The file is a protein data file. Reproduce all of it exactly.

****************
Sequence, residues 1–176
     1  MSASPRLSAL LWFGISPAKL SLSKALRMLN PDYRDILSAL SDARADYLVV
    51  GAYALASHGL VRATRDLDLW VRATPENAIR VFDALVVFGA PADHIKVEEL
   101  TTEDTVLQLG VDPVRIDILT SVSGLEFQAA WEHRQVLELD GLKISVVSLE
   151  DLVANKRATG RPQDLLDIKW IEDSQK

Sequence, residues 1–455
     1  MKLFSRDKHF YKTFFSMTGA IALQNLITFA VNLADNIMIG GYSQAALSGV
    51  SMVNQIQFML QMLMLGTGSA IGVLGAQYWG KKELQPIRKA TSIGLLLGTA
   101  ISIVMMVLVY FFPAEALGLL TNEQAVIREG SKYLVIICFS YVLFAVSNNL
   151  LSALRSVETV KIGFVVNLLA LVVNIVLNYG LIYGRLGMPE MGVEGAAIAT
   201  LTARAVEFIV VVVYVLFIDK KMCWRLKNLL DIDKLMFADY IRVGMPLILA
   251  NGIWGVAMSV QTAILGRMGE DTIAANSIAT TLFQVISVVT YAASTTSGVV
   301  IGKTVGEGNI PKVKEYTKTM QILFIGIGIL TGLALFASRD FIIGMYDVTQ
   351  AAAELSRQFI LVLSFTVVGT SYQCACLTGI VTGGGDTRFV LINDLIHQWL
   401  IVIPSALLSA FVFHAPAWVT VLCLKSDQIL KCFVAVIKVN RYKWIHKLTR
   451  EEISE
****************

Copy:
Sequence, residues 1–176
     1  MSASPRLSAL LWFGISPAKL SLSKALRMLN PDYRDILSAL SDARADYLVV
    51  GAYALASHGL VRATRDLDLW VRATPENAIR VFDALVVFGA PADHIKVEEL
   101  TTEDTVLQLG VDPVRIDILT SVSGLEFQAA WEHRQVLELD GLKISVVSLE
   151  DLVANKRATG RPQDLLDIKW IEDSQK

Sequence, residues 1–455
     1  MKLFSRDKHF YKTFFSMTGA IALQNLITFA VNLADNIMIG GYSQAALSGV
    51  SMVNQIQFML QMLMLGTGSA IGVLGAQYWG KKELQPIRKA TSIGLLLGTA
   101  ISIVMMVLVY FFPAEALGLL TNEQAVIREG SKYLVIICFS YVLFAVSNNL
   151  LSALRSVETV KIGFVVNLLA LVVNIVLNYG LIYGRLGMPE MGVEGAAIAT
   201  LTARAVEFIV VVVYVLFIDK KMCWRLKNLL DIDKLMFADY IRVGMPLILA
   251  NGIWGVAMSV QTAILGRMGE DTIAANSIAT TLFQVISVVT YAASTTSGVV
   301  IGKTVGEGNI PKVKEYTKTM QILFIGIGIL TGLALFASRD FIIGMYDVTQ
   351  AAAELSRQFI LVLSFTVVGT SYQCACLTGI VTGGGDTRFV LINDLIHQWL
   401  IVIPSALLSA FVFHAPAWVT VLCLKSDQIL KCFVAVIKVN RYKWIHKLTR
   451  EEISE